All K4 Bags feature roll-top access into the main bag. The roll-top also allows you to expand/contract the pack volume as more/less space is needed. In addition to the roll-top access into the main bag, the K4 5000 has horseshoe-shaped front zip access.

a backpack after carrying out an elk

There's also a zippered front panel built with specialized stretch fabric offering quick and secure access to items you need throughout the day, such as an extra layer, a glassing pad, gloves, or similar items.

Every K4 Pack features full-length, zippered side pockets on both sides of the bag. The pocket is pleated, offering spacious storage for full-size spotting scopes, even when the main bag is full.

Both sides of every K4 bag feature top-entry stretchy side pockets that work great for tripods, trekking poles, water bottles, and the like. The pack's upper side compression strap keeps tall items secure. These side pockets are "dual-compartment", also featuring a quick-access compartment – keeping essential items easily accessible while you are wearing the pack. This works nicely for headlamps, gloves, phone, snacks, or other commonly used gear.

The lid offers two storage compartments that add nearly 650 cubic inches to the pack's capacity. The lid also works great as a compression panel when packing out a skull and antlers at the end of a successful hunt.

The K4 5000 also features a dedicated water bladder compartment. The waterproof lining and bottom drain grommet keep your gear dry if your bladder leaks. The area also works great to keep wet items (such as a tent fly) separate from the dry gear inside the main bag.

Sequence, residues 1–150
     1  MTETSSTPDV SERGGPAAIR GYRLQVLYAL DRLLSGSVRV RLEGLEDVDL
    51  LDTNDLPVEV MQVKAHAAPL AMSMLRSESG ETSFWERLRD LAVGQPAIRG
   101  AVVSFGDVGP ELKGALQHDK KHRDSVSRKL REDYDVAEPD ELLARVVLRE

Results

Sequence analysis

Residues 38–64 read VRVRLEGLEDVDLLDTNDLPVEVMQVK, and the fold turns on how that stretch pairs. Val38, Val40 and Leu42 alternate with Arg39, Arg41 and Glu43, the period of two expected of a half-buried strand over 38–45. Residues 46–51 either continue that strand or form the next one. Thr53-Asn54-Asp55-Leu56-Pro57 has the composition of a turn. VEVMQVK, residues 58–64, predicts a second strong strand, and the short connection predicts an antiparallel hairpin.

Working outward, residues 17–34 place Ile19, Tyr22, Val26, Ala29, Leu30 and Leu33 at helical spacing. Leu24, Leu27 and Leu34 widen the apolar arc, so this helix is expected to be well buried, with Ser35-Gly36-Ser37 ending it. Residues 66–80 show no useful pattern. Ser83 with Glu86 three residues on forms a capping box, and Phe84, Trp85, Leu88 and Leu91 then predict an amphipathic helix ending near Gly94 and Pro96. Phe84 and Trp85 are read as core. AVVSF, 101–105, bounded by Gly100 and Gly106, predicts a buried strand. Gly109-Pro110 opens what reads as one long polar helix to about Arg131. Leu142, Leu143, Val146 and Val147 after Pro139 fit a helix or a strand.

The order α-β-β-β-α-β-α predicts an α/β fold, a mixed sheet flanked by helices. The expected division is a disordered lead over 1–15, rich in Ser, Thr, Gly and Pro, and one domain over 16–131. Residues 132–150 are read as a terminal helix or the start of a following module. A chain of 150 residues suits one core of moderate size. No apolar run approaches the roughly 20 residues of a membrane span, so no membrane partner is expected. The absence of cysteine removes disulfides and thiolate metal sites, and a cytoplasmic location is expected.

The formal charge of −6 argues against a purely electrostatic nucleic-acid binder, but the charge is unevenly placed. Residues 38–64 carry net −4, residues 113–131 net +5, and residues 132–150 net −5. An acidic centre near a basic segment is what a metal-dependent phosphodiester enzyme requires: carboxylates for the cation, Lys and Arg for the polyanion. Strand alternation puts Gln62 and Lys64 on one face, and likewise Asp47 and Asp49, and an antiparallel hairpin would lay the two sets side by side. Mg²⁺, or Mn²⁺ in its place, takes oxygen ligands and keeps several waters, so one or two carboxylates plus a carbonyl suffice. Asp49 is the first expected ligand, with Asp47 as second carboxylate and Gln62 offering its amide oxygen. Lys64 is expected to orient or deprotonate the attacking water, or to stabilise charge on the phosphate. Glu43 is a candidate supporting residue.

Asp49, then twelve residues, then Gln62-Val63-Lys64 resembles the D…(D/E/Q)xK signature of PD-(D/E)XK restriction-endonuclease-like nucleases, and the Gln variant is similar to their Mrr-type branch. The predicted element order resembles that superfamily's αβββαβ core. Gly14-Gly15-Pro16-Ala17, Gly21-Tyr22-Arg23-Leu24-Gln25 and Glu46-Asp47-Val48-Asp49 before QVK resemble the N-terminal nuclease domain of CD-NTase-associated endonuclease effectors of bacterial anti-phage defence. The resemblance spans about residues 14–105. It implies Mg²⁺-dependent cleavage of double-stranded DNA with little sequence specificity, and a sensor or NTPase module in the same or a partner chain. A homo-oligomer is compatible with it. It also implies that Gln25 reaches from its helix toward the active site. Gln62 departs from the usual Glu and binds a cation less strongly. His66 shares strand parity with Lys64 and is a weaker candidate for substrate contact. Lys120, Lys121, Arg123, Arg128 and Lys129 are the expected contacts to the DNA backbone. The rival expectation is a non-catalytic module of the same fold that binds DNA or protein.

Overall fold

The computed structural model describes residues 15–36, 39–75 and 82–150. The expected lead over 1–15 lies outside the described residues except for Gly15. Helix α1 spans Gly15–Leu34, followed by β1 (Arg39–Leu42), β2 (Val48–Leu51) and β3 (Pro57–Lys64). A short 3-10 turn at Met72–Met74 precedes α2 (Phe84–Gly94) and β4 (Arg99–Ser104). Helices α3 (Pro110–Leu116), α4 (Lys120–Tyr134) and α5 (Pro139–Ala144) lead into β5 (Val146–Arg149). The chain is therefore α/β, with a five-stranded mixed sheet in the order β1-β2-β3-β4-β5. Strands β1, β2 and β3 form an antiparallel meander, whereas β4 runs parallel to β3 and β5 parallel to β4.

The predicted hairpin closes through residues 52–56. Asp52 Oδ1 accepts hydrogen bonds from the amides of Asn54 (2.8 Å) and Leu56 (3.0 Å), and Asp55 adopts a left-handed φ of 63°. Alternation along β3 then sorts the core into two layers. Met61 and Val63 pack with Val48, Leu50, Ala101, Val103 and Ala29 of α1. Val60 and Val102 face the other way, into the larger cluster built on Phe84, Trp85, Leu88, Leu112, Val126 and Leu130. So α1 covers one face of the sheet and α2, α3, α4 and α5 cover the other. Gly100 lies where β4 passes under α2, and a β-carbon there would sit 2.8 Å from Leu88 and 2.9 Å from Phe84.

The bag can be quickly separated from the frame for carrying out game. Compression straps built into the frame offer secure compression for quarters, boned-out meat, load cells, or similar items.

Laser-cut MOLLE panels on the hip-belt and shoulder harness offer secure mounting of K4 Accessories, as well as third-party MOLLE-compatible accessories and holsters.

Integrated compression straps on the face of the pack work great to secure your bow or rifle to the bag (if not using the rifle carrier accessory).

The K4 frame can be interchanged with several different bags beyond the 5000, including the 2200, 3600, and 7200.

Two hunters carrying backpacks through the snow in the mountains

What I like:

Simple, easy, non fussy–design philosophy. I think the thing I appreciated most about this pack was the overall design and simplicity. The layout, the pockets, and the overall organization really made a lot of sense on this pack, the accessories were smart and intuitive, and the adjustments were easy (including use of the meat shelf). Additionally, Exo has a ton of online videos and really good customer support to help with fit, features, adjustments, and accessories.